Investigate Safely and Be Sure

Never make any assumptions; if you think that a pet has been abandoned somewhere, take a look as long as it is safe and legal. Does it look like the owners may return? Is the pet in distress, or a possible threat? Make note of the circumstances so that you can proceed with all possible information.

Make the Call

If you are fairly certain that you have found an abandoned pet, there are a few steps you can take to help the animal, depending upon the situation. If this has happened at a home, or on some property, you will need to call the local animal control services. If you’re not sure who to call, call the local shelter and they will help you get in touch with the right people. Never enter someone’s residence without legal permission. Instead, file a report with the proper authorities.

If the animal has been abandoned on public property, you should still call the shelter, at least. Be extremely cautious approaching an abandoned animal; they may be aggressive, or ill. It is best to let professionals handle it, but if the animal accepts your help, you can get it to a safe place. You can always offer to foster the animal until the situation is handled, or the owners are found, etc. You might even be able to adopt the abandoned pet.

If you have an animal in your care that was left behind, come to us at Pet Vet Hospitals, too. We can help make sure your new friend is in good health and ready for a new, forever home.

Vegan Pets: Is It a Good Idea?

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Cat looking for food in refrigerator at homeVeganism has grown in a widely-accepted nutritional lifestyle. It is a long-standing part of some cultures in other countries, and now there are many more options for vegans in stores and restaurants. People choose veganism for many reasons; there are ethical vegans, those who choose veganism for health reasons, and more. Of course, despite there being more options for vegans, it’s not always easy to maintain the lifestyle. There are plenty of dilemmas vegans face, and one of them is whether or not they can, or should, feed their pets vegan diets.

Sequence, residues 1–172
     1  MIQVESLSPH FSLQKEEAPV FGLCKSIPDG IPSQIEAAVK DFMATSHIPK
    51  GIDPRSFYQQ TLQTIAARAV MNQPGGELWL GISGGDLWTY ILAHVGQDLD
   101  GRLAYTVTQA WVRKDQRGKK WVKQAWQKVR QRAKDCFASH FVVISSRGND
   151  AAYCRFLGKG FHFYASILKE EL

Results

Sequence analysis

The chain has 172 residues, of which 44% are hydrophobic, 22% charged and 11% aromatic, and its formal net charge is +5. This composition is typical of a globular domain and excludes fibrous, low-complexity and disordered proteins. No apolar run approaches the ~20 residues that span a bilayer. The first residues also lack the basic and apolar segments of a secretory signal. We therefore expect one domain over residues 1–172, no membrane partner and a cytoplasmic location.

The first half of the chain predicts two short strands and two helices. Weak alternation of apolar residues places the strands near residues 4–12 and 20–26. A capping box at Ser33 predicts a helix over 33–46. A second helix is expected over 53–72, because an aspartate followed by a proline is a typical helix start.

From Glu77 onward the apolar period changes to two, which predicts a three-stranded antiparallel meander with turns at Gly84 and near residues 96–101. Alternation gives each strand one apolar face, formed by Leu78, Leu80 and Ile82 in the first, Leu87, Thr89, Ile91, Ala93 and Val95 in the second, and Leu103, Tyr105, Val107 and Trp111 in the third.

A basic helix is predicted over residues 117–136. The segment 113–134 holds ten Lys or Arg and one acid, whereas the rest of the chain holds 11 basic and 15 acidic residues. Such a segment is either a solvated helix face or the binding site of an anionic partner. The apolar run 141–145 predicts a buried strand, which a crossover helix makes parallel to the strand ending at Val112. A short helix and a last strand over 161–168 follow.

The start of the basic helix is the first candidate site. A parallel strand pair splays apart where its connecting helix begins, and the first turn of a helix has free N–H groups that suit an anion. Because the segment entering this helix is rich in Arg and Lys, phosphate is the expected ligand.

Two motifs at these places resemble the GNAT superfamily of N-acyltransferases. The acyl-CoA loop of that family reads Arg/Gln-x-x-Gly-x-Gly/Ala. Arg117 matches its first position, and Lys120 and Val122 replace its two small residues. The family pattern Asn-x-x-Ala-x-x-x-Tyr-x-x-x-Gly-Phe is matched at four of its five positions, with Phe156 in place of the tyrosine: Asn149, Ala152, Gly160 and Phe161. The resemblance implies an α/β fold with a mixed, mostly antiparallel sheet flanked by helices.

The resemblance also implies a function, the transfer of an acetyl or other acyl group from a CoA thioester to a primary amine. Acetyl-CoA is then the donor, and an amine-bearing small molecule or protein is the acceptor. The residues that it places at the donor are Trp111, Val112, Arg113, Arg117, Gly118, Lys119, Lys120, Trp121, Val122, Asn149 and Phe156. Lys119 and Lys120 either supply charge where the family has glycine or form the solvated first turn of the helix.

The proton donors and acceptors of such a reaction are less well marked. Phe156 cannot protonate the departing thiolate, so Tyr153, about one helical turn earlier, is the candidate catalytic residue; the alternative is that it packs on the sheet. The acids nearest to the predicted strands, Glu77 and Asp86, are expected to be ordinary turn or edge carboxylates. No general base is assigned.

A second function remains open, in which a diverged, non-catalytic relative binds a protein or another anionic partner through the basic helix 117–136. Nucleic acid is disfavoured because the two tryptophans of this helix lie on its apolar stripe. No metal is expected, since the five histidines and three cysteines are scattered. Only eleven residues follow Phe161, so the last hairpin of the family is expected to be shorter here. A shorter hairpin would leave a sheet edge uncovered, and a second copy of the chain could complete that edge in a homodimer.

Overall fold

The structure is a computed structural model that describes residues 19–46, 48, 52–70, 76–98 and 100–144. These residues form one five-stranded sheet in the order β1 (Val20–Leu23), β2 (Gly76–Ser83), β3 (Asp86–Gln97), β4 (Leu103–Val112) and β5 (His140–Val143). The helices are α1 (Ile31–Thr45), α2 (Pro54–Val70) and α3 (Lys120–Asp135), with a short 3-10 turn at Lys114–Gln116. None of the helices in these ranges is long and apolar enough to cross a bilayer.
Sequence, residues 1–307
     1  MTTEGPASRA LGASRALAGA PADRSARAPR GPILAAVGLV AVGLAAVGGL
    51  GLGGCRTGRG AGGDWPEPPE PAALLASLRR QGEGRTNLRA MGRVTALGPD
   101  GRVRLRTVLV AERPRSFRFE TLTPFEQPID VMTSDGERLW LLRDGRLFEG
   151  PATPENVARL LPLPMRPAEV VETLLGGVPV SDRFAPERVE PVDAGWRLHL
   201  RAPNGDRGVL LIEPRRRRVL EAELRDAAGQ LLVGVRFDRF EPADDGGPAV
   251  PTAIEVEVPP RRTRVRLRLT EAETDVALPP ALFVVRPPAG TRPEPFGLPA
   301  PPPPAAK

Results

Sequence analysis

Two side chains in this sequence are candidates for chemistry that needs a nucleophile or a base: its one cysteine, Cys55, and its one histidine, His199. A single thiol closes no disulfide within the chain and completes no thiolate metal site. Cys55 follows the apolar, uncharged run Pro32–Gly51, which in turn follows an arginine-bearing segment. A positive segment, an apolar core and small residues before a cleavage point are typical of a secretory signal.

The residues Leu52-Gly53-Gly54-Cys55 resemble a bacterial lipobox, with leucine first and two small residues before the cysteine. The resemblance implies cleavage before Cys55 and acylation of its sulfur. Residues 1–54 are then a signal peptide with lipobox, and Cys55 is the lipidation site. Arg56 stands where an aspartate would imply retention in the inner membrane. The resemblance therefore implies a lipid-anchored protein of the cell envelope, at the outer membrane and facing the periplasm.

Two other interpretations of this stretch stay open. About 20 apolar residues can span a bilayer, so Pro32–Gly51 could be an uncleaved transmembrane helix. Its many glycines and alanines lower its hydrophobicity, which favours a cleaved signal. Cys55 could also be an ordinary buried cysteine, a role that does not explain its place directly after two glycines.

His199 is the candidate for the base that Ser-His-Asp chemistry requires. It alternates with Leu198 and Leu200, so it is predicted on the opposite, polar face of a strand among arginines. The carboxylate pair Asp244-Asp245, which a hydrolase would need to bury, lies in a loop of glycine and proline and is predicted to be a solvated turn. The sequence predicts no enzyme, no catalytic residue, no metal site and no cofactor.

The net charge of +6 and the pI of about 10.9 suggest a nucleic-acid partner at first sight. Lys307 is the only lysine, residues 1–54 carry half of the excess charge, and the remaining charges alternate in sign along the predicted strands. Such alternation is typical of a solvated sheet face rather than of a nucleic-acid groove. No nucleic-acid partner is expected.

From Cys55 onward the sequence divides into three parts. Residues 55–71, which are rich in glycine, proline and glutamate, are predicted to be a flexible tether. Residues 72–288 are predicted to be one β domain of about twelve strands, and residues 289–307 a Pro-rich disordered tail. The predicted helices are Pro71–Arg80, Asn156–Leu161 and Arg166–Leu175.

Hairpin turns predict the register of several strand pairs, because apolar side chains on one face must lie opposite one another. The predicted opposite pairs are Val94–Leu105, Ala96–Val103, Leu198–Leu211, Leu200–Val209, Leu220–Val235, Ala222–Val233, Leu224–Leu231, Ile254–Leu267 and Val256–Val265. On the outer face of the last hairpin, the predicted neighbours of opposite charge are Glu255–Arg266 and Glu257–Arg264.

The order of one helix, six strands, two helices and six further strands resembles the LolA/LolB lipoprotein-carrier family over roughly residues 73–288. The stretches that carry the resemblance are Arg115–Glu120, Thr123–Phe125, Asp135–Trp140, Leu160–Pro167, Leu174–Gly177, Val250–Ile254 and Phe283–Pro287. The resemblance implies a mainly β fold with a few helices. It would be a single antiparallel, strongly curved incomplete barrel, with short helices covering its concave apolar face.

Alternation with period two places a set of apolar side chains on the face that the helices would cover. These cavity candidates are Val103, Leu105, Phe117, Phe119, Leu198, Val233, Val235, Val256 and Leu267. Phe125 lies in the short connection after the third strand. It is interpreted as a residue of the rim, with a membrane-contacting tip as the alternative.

Can Dogs and Cats be Vegan Pets?

This is yet another issue for which there is no definitive, or simple answer. On one side of it, there are people who argue it is a terrible idea to force vegan diets on pets. After all, they are not humans with vast dietary possibilities. Nature made them with specific needs, and those needs have always been met by eating animal protein. Cats, for example, need a diet made of mostly protein, while dogs need protein, but can consume other nutrients more. Some even argue that feeding a dog or cat a vegan diet is cruelty—forcing an animal to go against its nature simply because you choose a vegan lifestyle.